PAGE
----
Horsehead Lane, Bolsover, Derbyshire, S44 6XH.
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Bolsover Church of England Junior School

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Maths Concrete Resources At Home

 

In school, we use concrete resources to support pupils in their maths understanding and learning.

 

What is a concrete resource?

Concrete resources are physical, manipulative apparatus that can be used to support learning in maths. These are for all pupils to enable them to grasps key concepts.

 

Using manipulatives like money, counters, cubes, base ten blocks and dice to explore and solve problems enable concepts to be grasped and secured.

 

How are concrete resources used in the CPA approach to maths mastery?

Concrete Pictorial Abstract (known as the CPA approach) is a key feature of the maths mastery approach. In a nutshell, the CPA approach uses concrete manipulatives to eventually gain a secure understanding of more abstract mathematical concepts.

The CPA approach has three clear stages:

Stage 1: Concrete and action-based representation using manipulatives like money, counters, cubes, base ten blocks and dice to explore and solve problems — think of it as the ‘doing’ stage.

Stage 2: Pictorial representations of concrete objects such as bar models are used to model problems — the ‘seeing’ stage.

Stage 3: Abstract notations using mathematical symbols — the symbolic stage.

 

5 gets the CPA treatment first as Unifix cubes, then a bar model and lastly, as an abstract representation of 3 plus 2

 

What’s the difference between concrete and abstract thinking?
 

At each stage of the CPA journey, learners build on their knowledge and deepen their understanding.

 

The concrete stage helps to bring concepts to life. As they move to the pictorial stage, the concrete stage helps learners make connections between the objects they just handled and pictorial representations. The final abstract stage stands on the shoulders of the concrete and pictorial exploration.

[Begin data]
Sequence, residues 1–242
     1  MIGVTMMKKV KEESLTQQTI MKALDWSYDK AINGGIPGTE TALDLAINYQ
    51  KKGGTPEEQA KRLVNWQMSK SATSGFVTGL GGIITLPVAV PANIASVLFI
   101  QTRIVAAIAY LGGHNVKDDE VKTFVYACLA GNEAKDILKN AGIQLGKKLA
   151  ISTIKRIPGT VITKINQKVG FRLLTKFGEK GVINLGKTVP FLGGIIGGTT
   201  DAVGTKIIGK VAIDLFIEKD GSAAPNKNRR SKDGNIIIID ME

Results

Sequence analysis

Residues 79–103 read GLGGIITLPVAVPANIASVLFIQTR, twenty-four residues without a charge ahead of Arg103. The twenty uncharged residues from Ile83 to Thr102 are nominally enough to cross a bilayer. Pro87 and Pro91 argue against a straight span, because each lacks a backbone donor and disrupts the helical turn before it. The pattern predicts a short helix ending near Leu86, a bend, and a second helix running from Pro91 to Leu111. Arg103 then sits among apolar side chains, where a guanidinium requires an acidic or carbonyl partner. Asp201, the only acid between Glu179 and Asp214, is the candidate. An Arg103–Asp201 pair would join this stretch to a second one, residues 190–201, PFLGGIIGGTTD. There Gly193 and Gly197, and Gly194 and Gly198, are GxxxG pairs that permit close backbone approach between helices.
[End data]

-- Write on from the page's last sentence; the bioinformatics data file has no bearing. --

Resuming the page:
Let’s look at an example: to solve a multiplication problem, children must first understand what multiplication means.

 

Here are some ways to introduce the concept of multiplication:

  • Making groups of counters, cubes, and other manipulatives
  • Exploring words that mean the same as ‘multiply’
  • Seeing and making pictures of cubes, blocks, and other objects in groups and arrays

 

Then, when they see the symbol for multiplication, they have a deeper understanding of the core idea.

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What can be used as a concrete resource to support my child's maths understanding at home?  

Anything you have around your home can be used as a concrete resource: pasta, rice, Lego/construction bricks, straws, toy cars, board game pieces, playing cards and sweets.

 

Check out the following images to show how this can be achieved.

Check out some of the concrete resources our Year 4 pupils have been using to support them in their maths home learning.